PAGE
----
looking we can see how all of this relates to Heisenberg's uncertainty principle! (i.e. the more momentum eigenstates in the superposition, the more
localized the particle's position becomes and the less defined its momentum gets, and viceversa. thus the position state for a perfectly localized
particle would actually be a superposition of ALL values for momentum, from ∞ to ∞ and everything in between)


annaandherdad
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Darkstarprecisely.
Any other SF Bay chemists?


aga
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Quote: Originally posted by Darkstar  if the particle were NOT in some definite momentum eigenstate, then its momentum state is instead expressed as a superposition of all the
possible momentum eigenstates. 
In effect, the maths are continually 'bent' to fit with observed phenomena.
That tends to suggest that the maths do not work.
I suspect there's a wellestablished counter argument.


blogfast25
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Quote: Originally posted by aga 
In effect, the maths are continually 'bent' to fit with observed phenomena.
That tends to suggest that the maths do not work.
I suspect there's a wellestablished counter argument. 
There would be but you need to be more precise about the 'bent math'.
What AAHD and Darkstar have been talking about hasn't actually been expressed in mathematical form here. What hasn't been rendered explicit
('precise', 'defined', 'unequivocal') yet cannot have been 'bent' yet.
[Edited on 2872015 by blogfast25]


aga
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True and i promised not to, until the end, so i won't.


blogfast25
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Erratum – Probability and Probability Density
The functions (for a Pi1DB):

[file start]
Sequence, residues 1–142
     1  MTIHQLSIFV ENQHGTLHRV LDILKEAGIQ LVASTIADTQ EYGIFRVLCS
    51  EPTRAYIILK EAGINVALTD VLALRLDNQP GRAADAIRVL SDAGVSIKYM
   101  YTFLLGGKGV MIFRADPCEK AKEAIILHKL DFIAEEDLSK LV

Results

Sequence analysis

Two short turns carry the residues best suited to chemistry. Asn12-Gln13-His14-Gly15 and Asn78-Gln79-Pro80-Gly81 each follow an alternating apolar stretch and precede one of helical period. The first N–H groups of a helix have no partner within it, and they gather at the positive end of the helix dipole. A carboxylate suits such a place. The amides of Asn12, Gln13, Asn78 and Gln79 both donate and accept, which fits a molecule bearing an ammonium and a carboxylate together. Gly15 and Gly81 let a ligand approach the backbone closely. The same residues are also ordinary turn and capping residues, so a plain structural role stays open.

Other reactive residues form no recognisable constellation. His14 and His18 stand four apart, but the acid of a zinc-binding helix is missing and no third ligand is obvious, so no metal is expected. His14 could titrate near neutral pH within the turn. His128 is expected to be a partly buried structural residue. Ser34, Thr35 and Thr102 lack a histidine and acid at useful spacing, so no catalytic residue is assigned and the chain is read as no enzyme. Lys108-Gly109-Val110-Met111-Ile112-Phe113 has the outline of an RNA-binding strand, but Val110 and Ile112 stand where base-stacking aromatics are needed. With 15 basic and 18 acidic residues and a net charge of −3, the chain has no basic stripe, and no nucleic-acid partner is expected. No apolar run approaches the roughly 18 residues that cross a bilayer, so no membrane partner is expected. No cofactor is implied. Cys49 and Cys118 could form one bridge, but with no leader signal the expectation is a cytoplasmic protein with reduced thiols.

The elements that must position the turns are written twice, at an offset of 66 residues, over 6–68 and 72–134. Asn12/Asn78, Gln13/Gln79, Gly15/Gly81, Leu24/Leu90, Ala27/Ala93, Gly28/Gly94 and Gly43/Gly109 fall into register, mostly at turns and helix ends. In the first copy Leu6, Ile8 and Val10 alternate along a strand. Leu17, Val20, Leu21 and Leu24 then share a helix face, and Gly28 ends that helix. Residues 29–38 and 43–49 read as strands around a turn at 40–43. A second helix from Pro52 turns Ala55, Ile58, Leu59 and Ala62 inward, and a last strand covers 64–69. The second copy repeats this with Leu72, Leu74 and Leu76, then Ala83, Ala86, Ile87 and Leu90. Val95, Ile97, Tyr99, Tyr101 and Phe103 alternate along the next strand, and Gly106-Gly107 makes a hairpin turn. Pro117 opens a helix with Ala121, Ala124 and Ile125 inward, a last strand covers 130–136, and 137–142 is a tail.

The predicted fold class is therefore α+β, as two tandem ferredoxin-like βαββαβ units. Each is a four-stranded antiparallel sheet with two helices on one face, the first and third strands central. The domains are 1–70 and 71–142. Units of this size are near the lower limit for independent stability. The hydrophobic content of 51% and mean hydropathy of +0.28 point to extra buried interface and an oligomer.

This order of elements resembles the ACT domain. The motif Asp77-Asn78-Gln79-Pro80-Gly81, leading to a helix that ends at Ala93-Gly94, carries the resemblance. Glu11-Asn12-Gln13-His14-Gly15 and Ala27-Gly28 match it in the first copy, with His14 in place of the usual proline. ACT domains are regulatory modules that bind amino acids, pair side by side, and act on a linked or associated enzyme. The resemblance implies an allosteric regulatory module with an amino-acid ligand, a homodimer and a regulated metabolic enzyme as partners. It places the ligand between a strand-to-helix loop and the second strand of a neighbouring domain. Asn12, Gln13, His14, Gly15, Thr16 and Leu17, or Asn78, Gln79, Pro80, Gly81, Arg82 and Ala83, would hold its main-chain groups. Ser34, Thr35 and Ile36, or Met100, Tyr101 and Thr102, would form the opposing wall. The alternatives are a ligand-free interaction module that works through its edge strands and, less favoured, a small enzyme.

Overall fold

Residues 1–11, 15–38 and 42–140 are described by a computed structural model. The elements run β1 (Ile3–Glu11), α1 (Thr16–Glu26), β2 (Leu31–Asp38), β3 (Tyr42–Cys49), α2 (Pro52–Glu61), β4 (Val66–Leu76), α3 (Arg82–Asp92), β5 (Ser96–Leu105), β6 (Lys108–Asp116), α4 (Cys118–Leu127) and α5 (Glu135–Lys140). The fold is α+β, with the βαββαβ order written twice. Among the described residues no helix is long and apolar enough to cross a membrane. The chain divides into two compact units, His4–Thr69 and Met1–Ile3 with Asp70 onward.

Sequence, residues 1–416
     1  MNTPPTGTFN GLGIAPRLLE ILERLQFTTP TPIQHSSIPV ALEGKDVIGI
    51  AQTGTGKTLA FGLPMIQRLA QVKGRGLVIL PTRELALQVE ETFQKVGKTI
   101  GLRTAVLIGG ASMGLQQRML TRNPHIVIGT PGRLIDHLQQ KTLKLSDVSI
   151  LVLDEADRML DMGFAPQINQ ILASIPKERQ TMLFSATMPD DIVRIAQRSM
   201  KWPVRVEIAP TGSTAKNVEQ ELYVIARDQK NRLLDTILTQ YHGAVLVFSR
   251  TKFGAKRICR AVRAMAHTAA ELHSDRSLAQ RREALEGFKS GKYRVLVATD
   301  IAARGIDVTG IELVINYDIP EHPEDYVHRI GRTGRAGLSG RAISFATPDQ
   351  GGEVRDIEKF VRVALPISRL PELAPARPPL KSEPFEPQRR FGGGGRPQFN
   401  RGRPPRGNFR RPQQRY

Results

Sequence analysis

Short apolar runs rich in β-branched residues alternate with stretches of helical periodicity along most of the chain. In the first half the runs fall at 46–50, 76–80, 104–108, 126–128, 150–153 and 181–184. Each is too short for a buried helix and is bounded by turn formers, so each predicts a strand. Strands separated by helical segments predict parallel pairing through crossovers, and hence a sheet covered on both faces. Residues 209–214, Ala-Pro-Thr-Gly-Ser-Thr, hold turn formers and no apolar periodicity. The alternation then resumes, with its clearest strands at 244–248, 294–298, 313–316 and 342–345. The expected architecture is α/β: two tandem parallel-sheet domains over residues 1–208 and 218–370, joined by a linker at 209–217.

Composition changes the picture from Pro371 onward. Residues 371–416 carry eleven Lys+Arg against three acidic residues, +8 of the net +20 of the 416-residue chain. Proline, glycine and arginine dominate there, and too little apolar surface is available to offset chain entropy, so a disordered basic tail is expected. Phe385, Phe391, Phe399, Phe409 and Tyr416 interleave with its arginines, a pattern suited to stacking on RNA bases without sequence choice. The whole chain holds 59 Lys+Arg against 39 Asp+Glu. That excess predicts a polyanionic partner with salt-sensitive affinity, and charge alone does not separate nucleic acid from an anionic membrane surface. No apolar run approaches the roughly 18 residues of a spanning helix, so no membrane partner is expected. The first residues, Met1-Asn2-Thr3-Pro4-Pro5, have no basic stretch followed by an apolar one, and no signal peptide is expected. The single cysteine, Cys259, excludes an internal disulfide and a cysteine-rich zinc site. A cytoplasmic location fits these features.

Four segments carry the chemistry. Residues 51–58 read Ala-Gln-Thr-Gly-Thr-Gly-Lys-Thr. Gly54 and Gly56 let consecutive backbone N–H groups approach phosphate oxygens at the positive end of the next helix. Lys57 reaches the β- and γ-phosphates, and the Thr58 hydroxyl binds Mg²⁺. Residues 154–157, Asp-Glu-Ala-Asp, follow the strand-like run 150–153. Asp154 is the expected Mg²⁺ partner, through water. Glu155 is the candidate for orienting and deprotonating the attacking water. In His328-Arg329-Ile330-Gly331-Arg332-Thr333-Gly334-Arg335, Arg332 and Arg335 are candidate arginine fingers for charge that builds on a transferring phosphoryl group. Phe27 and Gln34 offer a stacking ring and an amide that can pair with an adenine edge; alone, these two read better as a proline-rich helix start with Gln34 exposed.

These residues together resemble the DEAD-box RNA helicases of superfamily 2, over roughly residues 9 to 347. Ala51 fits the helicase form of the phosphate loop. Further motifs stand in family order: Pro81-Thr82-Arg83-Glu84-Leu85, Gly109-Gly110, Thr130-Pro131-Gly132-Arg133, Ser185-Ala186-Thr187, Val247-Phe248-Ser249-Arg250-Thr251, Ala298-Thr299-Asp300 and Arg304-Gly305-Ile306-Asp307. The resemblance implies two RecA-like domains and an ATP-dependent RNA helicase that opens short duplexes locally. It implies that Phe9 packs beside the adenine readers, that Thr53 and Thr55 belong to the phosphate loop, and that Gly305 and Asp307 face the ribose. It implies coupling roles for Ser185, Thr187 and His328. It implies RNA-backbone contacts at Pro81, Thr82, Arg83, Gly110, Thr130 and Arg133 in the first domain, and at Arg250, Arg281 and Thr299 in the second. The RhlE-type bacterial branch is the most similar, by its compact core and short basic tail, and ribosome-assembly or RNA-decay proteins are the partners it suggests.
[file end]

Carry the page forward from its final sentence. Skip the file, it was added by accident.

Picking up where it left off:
P<sub>n</sub>(x) = Ψ<ub>n</sub><sup>2</sup>(x) = (2/L) sin<sup>2</sup>(nπx/L)
... have previously been described erroneously as ‘probability functions’ when really they should have been described as 'probability
densities’ (also known as 'probability distribution', syn.). The difference is not mere semantics. Like an object can have a mass of 1 kg,
that same object can have a density many times higher than 1 kg/m<sup>3</sup>.
The previous assertion that P<sub>n</sub>(x) is the probability of finding the particle at position x is also wrong.
The actual probability of finding the particle can only be determined on an interval of x, for instance Δx = x<sub>2</sub> 
x<sub>1</sub> (see the attached schematic, below) and is then calculated from:
P(x<sub>2</sub> ,x<sub>1</sub> = ʃ
Ψ<sup>2</sup>(x)dx, integrated between x<sub>2</sub> and x<sub>1</sub> (for Real functionsΨ)
For a relatively narrow interval Δx, P(x<sub>2</sub> ,x<sub>1</sub> is approximately the area of the rectangle in the schematic below, or:
P(x<sub>2</sub>,x<sub>1</sub> ≈
Ψ<sup>2</sup>(x<sub>1,2</sub> Δx (assuming that
Ψ<sup>2</sup>(x<sub>1</sub> ≈
Ψ<sup>2</sup>(x<sub>2</sub>)
For systems involving electrons the probability density is is often referred to as the electron density (we’ll encounter that term